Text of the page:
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Dame Margaret Blackwood DBE

Dame Margaret Blackwood was an outstanding role model for women - whether working during the war, in education or to support women.

Honour Roll

Within weeks of Margaret Blackwood's enlistment into the WAAF's the Director of Signals sought her assistance. Royal Air force (RAF) ciphers coming from England were lost at sea and 'Blackie' as she was known to her friends, colleagues, and students, helped construct the first Royal Australian Air Force (RAAF) cipher code (Andusair) for Allied use in the war in the Pacific. She was soon promoted to Officer Commanding of the No. 1 Depot, later Head of Recruit Training, and retired as Wing Officer.

For nearly 40 years, 'Blackie' was a member of Soroptimist International, a worldwide organisation of women in management and the professions working to advance human rights and the status of women. She was President of the Melbourne Club 1957-59 and then Chairman of the Co-ordinating Committee of Soroptimist International Australia which became the Federation of South West Pacific. She was probably the best known, loved and respected Soroptimist in Australia.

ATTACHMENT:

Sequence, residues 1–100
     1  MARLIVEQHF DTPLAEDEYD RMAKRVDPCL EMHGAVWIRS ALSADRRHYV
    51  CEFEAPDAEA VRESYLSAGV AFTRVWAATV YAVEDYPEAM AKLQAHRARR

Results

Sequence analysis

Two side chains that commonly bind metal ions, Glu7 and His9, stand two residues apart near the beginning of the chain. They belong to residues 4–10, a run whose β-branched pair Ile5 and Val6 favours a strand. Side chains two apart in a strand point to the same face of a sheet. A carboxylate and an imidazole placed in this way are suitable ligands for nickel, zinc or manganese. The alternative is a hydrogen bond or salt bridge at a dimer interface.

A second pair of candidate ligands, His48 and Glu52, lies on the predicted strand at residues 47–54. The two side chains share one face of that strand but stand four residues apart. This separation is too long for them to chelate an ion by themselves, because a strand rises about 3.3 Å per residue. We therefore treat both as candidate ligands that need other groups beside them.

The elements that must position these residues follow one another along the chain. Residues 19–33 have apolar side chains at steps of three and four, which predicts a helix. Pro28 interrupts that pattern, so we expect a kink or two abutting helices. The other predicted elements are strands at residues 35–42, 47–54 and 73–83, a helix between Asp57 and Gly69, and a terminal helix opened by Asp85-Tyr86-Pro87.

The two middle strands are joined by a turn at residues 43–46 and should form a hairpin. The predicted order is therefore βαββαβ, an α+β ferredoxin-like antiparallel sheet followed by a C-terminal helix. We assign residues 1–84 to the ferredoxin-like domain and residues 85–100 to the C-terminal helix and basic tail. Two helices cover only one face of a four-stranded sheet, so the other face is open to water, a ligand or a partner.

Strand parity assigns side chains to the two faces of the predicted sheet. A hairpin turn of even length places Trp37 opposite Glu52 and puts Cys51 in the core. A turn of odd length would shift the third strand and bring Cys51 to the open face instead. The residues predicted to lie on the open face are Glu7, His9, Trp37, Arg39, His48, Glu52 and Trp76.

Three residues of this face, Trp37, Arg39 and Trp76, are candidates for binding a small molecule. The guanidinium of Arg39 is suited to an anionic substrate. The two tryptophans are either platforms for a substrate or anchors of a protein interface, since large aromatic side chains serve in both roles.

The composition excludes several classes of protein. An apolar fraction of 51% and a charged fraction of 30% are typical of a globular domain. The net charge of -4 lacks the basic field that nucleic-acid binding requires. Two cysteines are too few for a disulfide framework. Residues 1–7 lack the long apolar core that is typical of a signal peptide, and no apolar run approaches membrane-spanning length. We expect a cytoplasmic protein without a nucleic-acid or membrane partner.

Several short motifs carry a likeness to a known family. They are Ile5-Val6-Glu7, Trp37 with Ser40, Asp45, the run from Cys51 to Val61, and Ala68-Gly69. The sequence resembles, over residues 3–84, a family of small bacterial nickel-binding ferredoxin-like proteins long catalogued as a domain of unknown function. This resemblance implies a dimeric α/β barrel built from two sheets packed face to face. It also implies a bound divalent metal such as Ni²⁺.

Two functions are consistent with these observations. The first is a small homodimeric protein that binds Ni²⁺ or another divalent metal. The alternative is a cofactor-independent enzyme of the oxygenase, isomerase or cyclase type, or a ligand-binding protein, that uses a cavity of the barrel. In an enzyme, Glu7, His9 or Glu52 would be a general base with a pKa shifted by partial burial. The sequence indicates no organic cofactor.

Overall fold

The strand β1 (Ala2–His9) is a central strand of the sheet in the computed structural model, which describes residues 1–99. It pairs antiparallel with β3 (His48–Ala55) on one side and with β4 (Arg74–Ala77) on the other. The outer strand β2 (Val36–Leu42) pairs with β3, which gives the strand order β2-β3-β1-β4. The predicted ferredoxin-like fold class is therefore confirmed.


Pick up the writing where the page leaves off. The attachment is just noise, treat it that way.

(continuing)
Within the University, 'Blackie' was very popular as she was very supportive of the students and did her utmost to help them. In her role as Dean of Women she was conscious of women student's welfare and in 1975 was Convenor of the University Assembly's Working Group on Women in the University. In 1980, Margaret was asked to head a thirteen member Consultative Council on Health and Human Relations Education to advise the then Minister for Education.

Margaret was an outstanding role model for women who wanted to achieve their full potential and then serve their community using their intellectual talents. She was able to relate to people and gain co-operation. She was the founder of Janet Clarke Hall, and the first woman to be elected as Deputy Chancellor in the University of Melbourne. Margaret was the first woman to confer degrees of the University of Melbourne, and the first person to be appointed an Honorary Life Member by the Association of Women on Campus at the University of Melbourne.

Her name is perpetuated by a Prize in Genetics, established by her Department, and also by a Scholarship for a second year student in Genetics created by Soroptimist International of South West Pacific. Her Honours were given in recognition of her services to education and her fine record of public work.